Shut up with the self hate crap. We are tired of hearing it.

      • August 12, 2013 - Reply



        Who is we?

        I do NOT care.

        It’s a certain mindset in 4b/4c naturals that hair companies and beauty trend setter cater to in convincing us to buy products and apply styling methods that totally do not work for us.

        If you think that badly of your hair to think of it as nappy (and the standard negative definition implied by the word), then it’s EASY to buy into the deception that chick in the video is singing about.

        Don’t tell me to shut up. Ya’ll need to wake the -eff up!

      • August 12, 2013 - Reply


        So stop with the self-hate. “Nappy” is a stupid word. Why get upset when a white person uses it, then.

        *aside* … the dumbest people. This is what they fight for? Tiring.

    • August 12, 2013 - Reply

      @Beautiful Mic

      Speak for yourself. I have 4a/b hair and have no problem with nappy as a descriptive word. It’s the aftermath of the wash and go (tangles and single strand knots) that makes it unacceptable for my hair.

  15. August 12, 2013 - Reply

    Some perspective: that’s just one, ONE less style some people can do but it’s so coveted some (not saying her) actually think less of their hair. It’s sad.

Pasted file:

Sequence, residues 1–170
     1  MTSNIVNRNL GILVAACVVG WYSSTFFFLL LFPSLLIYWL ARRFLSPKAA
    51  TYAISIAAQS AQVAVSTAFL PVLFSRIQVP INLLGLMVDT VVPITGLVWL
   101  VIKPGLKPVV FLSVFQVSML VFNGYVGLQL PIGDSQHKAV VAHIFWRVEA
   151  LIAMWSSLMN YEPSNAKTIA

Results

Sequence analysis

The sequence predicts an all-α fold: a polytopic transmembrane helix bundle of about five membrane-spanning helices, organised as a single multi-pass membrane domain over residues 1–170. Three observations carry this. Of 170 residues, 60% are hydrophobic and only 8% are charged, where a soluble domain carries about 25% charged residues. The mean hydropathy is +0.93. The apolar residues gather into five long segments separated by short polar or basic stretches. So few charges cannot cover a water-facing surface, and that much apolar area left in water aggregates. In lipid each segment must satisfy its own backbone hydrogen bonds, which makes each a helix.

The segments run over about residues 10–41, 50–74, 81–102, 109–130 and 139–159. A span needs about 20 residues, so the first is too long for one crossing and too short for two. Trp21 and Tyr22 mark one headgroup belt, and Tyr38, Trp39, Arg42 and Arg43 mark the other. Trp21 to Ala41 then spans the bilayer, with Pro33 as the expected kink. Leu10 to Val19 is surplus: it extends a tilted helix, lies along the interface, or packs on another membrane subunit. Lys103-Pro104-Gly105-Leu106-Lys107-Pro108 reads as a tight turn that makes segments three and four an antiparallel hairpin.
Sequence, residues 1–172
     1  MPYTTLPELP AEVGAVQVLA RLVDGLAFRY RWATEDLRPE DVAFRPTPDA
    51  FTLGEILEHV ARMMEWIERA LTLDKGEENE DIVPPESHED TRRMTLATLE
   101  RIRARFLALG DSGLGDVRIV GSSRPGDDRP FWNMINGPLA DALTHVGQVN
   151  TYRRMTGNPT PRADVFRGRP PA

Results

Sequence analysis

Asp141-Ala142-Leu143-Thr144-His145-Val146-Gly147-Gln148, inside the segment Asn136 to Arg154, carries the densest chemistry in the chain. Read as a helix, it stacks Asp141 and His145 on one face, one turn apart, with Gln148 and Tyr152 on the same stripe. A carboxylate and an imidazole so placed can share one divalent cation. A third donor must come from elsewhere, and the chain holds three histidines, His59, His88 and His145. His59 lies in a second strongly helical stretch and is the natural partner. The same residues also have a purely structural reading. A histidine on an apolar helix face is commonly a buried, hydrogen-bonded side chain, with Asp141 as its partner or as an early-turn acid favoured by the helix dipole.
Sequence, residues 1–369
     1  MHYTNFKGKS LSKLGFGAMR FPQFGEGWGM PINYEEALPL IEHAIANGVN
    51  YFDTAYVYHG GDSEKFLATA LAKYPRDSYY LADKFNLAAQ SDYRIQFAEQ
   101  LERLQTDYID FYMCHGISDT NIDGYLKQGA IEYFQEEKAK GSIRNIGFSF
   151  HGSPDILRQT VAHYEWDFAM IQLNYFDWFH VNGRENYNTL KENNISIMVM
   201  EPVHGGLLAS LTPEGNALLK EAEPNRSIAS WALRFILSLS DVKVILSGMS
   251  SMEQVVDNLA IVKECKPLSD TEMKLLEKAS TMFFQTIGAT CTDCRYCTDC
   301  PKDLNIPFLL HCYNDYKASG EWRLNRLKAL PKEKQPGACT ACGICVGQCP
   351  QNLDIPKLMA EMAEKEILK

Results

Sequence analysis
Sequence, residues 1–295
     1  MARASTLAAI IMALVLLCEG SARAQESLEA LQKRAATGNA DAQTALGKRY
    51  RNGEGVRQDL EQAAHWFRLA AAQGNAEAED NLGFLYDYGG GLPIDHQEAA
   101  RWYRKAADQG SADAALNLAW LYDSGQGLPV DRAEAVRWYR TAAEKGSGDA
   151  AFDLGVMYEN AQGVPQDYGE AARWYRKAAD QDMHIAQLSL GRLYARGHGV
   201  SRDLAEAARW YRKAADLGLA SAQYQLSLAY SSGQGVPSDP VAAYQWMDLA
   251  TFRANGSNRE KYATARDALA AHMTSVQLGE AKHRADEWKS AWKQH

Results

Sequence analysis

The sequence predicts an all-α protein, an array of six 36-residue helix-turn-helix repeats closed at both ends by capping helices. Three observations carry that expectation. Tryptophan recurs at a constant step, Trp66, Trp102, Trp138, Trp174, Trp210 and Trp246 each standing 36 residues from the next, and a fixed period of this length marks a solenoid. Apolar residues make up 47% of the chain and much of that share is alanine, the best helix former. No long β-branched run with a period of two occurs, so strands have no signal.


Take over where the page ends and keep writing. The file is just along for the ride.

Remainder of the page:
• August 12, 2013 - Reply



  16. August 12, 2013 - Reply

    These companies get off on appealing to 4b/4c lack of knowledge, lack of self self-concept, lack of patience, insecurities and desperate attitudes regarding our hair. And after we’ve bought into their methods and promoted practices and they don’t don’t work for us, the creamy crack and/or that darn weave starts calling our name.

    That’s why they come out with these ridiculous commercials with some chick with artificially mangled hair talking about how unmanageable and awful (nappy) her hair looks. And with a single spin, Waalah, she get herself a relaxer or some petroleum-based hair grease.